By Alan Scherstuhl
By Charles Taylor
By Melissa Anderson
By Inkoo Kang
By Amy Nicholson
By Sam Weisberg
By Stephanie Zacharek
By Chuck Wilson
Barnett Slepian wasn't the first American doctor killed for the anti-abortion cause, but his murder in October 1998 did signal a ghastly point of no return: He died by a single bullet blasted through the kitchen window of his home in suburban Buffalo, in front of his children. In Liz Mermin and Jenny Raskin's On Hostile Ground, a pithy video documentary that chronicles the day-to-day lives of three abortion providers, Slepian's death is a galvanizing shock. Morris Wortman of nearby Rochester starts carrying a gun. Richard Stuntz, an aging Baltimore doctor who spends three days a week traveling a 500-mile roundabout of clinics in Alabama, decides to keep his drapes closed all the time, and affirms, "It's not safe for a doctor to live in the community where he works." Susan Cahill, a physician's assistant in Montana, begins to wonder if her dangerous obligations at work are outweighing her duties as a wife and mother.
On Hostile Ground points up an odd rule of semantics that applies to both sides of the debate: An OB-GYN who doesn't perform abortions is called an OB-GYN, while an OB-GYN who does perform abortions is called an abortion doctor (or, according to the Daily Newsheadline when Slepian's alleged killer was finally apprehended last Thursday, "Abort-Doc"). Wortman says that terminations make up only a small part of his practice, but he doubts he'll be remembered for anything else. Mermin and Raskin's subjects are self-chosen exceptions to an unwritten rule (88 percent of OB-GYN residents don't receive abortion training), and Wortman could be speaking for all of them when he says that after Slepian's death he felt "branded." A pro-life landlord evicts him from his clinic, while Cahill, whose office was firebombed in 1994, is singled out by a bill in the Montana state legislature that would prohibit PAs from performing abortions (the state supreme court finally struck it down).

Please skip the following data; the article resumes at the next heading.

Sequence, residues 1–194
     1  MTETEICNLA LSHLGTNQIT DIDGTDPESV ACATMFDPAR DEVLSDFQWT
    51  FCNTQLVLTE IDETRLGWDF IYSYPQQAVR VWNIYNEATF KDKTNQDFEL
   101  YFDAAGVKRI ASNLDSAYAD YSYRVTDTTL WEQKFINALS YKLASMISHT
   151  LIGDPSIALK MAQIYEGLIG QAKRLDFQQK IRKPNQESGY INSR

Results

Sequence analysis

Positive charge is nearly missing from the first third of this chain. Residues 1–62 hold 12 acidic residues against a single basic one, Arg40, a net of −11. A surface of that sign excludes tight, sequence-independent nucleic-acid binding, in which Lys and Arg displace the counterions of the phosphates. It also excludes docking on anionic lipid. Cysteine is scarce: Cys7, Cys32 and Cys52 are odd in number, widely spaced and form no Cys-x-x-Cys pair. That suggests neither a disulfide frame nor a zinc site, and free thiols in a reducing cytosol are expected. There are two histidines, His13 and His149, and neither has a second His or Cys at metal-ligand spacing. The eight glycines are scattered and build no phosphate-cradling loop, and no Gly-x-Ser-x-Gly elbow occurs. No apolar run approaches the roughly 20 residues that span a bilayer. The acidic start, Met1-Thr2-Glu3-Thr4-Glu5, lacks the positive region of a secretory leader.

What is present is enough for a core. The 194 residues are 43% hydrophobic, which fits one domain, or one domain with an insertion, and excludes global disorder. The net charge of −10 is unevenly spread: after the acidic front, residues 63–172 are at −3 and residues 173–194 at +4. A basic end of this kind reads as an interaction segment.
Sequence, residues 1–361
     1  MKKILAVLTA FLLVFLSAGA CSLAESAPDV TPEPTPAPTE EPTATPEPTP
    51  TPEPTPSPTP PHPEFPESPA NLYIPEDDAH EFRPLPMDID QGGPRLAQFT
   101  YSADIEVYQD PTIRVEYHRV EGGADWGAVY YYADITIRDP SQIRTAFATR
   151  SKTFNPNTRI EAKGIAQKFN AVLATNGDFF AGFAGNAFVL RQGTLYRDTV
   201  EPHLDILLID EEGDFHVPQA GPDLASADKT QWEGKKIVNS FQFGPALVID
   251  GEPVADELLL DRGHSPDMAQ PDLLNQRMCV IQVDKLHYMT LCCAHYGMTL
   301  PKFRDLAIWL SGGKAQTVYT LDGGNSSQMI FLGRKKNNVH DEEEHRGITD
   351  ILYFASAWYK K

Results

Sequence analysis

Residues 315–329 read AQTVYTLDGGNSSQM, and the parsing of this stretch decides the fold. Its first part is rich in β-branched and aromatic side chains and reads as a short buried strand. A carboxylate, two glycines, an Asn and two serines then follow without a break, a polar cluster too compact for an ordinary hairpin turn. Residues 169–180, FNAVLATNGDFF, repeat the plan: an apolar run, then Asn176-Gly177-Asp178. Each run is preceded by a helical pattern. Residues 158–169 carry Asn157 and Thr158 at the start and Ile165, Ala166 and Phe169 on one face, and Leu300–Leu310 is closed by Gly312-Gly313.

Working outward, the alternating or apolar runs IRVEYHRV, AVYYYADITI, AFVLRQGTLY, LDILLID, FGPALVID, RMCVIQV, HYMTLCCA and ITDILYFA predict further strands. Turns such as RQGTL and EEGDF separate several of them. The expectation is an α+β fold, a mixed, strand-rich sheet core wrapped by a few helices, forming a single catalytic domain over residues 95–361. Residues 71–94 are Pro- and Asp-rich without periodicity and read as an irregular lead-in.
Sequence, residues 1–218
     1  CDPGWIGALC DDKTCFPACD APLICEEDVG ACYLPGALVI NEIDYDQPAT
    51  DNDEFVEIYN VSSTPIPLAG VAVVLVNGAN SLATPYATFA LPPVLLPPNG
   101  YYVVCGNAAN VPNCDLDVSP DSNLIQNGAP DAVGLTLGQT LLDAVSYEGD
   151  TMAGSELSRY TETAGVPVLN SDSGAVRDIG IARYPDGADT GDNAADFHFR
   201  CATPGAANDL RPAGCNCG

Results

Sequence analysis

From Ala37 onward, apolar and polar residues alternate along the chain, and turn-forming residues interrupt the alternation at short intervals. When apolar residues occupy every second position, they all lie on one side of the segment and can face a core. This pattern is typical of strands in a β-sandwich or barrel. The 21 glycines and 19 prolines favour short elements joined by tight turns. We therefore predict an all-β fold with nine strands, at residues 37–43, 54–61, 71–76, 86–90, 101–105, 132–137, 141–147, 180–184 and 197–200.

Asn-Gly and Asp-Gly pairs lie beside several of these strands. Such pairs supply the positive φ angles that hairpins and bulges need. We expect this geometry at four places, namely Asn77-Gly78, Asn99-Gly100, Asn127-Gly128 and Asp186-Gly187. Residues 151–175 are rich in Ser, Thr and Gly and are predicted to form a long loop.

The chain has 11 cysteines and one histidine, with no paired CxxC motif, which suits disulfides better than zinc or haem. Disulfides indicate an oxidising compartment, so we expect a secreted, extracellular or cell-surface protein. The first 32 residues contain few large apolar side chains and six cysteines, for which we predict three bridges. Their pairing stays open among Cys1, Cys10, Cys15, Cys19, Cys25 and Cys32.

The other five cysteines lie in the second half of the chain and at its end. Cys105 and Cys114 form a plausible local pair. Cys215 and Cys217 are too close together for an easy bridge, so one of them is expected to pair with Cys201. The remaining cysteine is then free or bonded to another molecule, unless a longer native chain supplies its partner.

Wortman, the most overtly activist of the trio, is a constant media presence in western New York, and goes so far as to say that his murder is an acute possibility that he accepts. In the interview segments, he often returns to his late, beloved mothera Holocaust survivor who, while pregnant with Morris, tried to abort by repeatedly jumping off a table onto her belly. "It was unfortunate that in those days women like her didn't have a choice," he says. "People with money had choices, but women like her didn't."
In certain crucial ways, of course, that statement is true now. During Campaign 2000, blue-zone Gore supporters always flogged Bush II as a threat to abortion rightswithout mentioning that Roev. Wade is already moot in huge patches of the red zone (84 percent of U.S. counties lack an abortion provider), or that enforcement of Roe ultimately rests in the hands of doctors. Mermin and Raskin's film will no doubt be tagged with testimonials like "a compelling call to action" (per Julianne Moore, an outspoken supporter of the film), and indeed, it could prove so for a young medical student. Wortman, Cahill, and especially Stuntz share a matter-of-fact, low-key rectitude that can be intensely moving. But On Hostile Ground, to its credit, is inevitably a tale more cautionary than inspirational. The film rightly presents its subjects as a rare breed who started their path in another era, and it's difficult to imagine who at this stage would follow them.
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